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Prime Minister Boris Johnson wants to revive Britain’s traditional system of imperial measurements, such as pounds and ounces, in a post-Brexit move that has divided the public and businesses.
Coinciding with the 70th anniversary of Queen Elizabeth’s coronation this week, the government will launch consultations on how to change the Weights and Other Measures Act to capitalize on freedoms after leaving the European Union.
While the bloc normally requires members to use the metric system, it allowed Britain, while a member, to label its products in certain imperial units alongside metric units. Speed limits are set in miles per hour and milk and beer are sold in pints, but most other products such as sugar are sold in grams and kilograms.
After leaving the European Union in 2020, Britain is looking at thousands of rules it has retained and determining whether they serve the national interest. This includes rules prohibiting the sale of packaged goods like sugar in certain imperial units.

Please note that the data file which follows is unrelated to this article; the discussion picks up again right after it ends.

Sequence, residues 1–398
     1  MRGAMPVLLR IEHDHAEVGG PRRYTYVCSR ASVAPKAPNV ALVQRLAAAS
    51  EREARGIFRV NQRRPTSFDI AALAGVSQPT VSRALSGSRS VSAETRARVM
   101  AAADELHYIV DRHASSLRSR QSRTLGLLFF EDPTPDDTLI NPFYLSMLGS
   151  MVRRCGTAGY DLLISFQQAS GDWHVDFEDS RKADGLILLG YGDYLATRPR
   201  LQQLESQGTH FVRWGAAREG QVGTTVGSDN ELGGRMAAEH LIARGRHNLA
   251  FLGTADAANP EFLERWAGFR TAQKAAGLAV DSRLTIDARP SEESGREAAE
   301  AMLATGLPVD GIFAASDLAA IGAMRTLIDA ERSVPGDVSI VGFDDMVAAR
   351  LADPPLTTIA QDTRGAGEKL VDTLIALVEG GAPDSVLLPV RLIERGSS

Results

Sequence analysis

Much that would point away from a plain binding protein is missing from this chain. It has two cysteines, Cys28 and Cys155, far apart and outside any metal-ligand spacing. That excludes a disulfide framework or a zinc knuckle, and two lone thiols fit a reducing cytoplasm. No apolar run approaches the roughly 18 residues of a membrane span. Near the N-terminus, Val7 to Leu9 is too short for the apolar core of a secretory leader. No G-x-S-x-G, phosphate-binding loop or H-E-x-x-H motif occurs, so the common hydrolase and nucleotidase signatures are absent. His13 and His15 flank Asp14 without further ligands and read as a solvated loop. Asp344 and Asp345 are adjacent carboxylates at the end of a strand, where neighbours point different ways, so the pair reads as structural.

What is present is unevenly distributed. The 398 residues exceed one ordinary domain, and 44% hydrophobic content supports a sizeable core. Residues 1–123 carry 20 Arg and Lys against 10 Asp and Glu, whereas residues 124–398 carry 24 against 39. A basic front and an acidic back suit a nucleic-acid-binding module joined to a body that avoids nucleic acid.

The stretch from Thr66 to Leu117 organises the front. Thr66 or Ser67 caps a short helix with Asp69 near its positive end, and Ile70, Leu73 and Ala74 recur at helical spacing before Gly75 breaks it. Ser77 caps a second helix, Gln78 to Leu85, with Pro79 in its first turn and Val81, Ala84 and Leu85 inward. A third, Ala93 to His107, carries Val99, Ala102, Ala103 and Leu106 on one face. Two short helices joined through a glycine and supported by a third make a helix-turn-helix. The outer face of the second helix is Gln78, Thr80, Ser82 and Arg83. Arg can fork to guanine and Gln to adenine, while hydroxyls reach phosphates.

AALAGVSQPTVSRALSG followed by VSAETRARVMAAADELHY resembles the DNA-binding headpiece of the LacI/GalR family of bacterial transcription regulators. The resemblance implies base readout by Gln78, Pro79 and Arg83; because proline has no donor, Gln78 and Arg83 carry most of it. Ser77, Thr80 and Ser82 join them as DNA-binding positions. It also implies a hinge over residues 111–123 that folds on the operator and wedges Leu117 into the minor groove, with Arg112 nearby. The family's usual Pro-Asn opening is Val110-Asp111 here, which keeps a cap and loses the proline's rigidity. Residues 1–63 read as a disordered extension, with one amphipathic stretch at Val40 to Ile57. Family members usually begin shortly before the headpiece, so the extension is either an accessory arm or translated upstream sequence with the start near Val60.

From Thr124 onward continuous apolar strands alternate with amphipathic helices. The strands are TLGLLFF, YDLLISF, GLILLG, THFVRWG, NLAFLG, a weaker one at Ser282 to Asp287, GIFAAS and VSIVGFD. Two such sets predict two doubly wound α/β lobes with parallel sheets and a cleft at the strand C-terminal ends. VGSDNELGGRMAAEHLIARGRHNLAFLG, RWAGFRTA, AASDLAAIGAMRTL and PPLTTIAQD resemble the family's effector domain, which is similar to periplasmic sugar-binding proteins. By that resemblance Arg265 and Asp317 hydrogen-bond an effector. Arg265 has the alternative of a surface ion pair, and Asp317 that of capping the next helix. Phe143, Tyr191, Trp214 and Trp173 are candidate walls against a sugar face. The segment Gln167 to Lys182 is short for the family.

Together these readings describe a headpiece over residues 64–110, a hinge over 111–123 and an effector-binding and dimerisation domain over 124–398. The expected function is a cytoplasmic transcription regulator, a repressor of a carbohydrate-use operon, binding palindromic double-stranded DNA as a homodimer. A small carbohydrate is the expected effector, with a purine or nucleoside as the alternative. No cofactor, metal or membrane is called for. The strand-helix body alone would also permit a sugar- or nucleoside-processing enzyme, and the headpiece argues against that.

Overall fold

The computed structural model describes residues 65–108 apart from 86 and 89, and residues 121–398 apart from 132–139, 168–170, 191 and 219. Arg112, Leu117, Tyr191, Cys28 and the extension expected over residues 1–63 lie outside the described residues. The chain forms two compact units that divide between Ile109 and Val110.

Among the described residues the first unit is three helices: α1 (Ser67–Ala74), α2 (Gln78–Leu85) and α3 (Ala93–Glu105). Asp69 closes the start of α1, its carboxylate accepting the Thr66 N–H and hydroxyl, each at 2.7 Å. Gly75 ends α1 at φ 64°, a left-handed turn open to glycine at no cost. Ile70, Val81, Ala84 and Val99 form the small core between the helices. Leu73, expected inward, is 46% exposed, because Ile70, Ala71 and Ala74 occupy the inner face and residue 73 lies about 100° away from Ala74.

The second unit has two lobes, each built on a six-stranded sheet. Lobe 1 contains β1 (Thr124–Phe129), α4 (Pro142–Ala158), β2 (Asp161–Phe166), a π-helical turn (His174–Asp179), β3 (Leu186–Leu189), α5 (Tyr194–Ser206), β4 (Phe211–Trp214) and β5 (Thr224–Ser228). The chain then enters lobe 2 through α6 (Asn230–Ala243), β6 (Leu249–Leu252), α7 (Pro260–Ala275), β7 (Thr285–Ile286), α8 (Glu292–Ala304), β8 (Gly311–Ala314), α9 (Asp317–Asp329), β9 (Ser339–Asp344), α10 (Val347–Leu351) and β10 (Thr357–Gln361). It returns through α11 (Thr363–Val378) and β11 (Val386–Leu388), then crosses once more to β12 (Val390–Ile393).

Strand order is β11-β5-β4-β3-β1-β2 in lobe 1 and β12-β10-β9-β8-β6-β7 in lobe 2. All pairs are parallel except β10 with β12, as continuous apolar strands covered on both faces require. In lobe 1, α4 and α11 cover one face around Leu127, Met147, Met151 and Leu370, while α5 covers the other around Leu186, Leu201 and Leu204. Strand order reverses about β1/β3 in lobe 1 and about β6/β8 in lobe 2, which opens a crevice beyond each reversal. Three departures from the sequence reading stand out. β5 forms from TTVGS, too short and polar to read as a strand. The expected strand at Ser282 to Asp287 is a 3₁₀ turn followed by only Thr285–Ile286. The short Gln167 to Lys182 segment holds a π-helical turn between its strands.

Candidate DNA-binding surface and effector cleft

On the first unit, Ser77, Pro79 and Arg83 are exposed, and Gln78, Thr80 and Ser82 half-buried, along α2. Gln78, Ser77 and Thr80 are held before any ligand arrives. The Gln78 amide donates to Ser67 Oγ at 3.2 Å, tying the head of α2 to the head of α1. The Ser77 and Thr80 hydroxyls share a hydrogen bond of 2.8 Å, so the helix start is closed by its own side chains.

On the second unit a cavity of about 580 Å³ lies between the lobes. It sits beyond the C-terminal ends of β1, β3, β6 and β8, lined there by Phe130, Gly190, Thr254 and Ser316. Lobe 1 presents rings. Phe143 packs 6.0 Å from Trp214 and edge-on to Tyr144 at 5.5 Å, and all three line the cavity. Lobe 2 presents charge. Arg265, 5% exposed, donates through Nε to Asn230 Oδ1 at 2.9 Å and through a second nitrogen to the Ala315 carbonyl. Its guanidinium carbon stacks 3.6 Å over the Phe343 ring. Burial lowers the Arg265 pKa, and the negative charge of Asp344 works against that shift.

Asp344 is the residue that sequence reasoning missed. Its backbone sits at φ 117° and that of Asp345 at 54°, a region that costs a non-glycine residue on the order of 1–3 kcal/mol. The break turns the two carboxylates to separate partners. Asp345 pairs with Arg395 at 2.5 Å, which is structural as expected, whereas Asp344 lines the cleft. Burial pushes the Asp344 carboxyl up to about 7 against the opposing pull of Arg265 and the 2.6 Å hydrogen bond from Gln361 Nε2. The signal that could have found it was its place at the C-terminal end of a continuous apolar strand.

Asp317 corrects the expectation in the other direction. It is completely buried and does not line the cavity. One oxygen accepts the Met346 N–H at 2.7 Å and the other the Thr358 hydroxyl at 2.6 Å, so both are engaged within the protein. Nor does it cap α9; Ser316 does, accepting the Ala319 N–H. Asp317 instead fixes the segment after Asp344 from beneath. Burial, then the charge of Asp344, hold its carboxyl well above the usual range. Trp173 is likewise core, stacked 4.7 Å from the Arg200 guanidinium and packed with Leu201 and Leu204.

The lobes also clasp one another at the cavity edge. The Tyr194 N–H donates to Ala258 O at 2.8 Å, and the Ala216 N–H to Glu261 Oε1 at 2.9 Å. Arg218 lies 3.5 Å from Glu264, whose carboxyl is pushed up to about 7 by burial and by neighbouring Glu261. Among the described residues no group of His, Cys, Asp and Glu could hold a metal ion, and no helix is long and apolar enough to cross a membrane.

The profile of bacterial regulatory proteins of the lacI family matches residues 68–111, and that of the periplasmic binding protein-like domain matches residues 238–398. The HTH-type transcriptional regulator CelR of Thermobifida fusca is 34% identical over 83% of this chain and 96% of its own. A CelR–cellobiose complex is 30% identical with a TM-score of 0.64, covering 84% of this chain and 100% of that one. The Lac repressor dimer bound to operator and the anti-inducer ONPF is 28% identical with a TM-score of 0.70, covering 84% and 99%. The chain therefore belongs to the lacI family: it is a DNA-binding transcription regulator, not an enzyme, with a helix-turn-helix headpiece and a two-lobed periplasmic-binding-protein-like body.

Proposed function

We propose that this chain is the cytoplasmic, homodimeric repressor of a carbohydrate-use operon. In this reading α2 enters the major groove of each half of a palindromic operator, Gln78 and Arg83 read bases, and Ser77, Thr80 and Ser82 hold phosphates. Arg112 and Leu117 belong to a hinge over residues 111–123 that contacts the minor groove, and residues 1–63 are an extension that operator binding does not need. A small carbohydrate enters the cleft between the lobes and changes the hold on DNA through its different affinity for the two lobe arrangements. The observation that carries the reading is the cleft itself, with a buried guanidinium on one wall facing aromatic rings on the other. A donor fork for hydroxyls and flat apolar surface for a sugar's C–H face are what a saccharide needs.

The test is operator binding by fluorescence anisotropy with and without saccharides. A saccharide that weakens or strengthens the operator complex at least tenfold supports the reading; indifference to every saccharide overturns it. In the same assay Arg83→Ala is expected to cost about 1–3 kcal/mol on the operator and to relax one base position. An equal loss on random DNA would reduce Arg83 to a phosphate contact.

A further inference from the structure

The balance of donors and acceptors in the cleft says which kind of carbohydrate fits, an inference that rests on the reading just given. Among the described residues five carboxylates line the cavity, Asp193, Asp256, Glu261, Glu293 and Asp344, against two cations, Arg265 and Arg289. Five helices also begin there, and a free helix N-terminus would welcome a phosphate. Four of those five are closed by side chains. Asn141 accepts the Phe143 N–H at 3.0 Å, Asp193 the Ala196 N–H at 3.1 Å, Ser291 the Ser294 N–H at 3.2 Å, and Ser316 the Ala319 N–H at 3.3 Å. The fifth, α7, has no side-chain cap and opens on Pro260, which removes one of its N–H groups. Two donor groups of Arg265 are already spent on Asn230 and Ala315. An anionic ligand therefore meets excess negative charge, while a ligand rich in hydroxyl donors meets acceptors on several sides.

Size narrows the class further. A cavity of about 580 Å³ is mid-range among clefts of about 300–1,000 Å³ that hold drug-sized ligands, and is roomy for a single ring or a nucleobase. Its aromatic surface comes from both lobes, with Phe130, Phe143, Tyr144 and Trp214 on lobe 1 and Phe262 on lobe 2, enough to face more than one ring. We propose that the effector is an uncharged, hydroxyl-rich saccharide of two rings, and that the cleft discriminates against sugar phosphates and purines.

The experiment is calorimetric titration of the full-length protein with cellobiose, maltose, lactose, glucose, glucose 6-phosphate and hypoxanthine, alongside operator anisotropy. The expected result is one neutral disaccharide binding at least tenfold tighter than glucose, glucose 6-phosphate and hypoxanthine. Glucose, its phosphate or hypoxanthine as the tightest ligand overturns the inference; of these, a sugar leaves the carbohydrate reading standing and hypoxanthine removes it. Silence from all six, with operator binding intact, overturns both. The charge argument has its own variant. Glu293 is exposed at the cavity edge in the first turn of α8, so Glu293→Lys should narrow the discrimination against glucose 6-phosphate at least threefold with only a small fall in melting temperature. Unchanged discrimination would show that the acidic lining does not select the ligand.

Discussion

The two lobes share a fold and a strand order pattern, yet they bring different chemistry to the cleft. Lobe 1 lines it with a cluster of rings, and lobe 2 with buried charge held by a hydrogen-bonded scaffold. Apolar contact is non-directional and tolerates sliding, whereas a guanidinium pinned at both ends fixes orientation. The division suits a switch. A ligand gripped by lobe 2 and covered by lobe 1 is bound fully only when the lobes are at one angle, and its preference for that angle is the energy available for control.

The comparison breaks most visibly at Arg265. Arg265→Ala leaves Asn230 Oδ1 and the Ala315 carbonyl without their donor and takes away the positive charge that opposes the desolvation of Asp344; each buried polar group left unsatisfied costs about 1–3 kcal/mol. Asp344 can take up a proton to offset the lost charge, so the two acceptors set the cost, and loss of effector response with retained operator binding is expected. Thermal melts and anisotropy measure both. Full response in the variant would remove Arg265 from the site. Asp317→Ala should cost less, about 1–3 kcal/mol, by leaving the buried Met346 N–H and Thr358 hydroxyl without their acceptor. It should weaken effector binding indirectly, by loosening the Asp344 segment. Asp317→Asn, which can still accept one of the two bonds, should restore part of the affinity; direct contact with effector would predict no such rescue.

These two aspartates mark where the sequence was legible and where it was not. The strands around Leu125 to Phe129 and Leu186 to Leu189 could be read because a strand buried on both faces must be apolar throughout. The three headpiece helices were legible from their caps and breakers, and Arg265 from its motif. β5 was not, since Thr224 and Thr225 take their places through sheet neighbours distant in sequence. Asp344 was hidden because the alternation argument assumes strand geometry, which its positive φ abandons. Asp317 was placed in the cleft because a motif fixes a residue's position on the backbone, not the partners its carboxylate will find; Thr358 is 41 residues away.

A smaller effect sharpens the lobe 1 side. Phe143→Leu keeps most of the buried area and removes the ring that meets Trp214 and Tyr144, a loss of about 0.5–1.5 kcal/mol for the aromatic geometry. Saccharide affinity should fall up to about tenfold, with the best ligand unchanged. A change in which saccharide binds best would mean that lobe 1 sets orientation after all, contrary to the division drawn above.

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“You know that EU regulations required certain products to be sold in the metric system, but the Prime Minister has made it clear that he wants to consult on this later this week,” the spokesman for the government said on Monday. Prime Minister.
Some Britons hailed the plan as a way to reconnect with the past.
Cheryl Devlin, who runs a fruit and veg stall in west London, said the imperial system is part of British culture.
“It’s just nice to keep our legacy. I was brought up on pounds and shillings and pence and, you know, why does it have to go away?” she says. “Why can’t we keep what we’ve had for a hundred years?”
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But Sophie Bainsfair, a resident nearby, said the move would be complicated and confusing.
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“I don’t understand why you want to go back,” she said. “That does not make any sense.”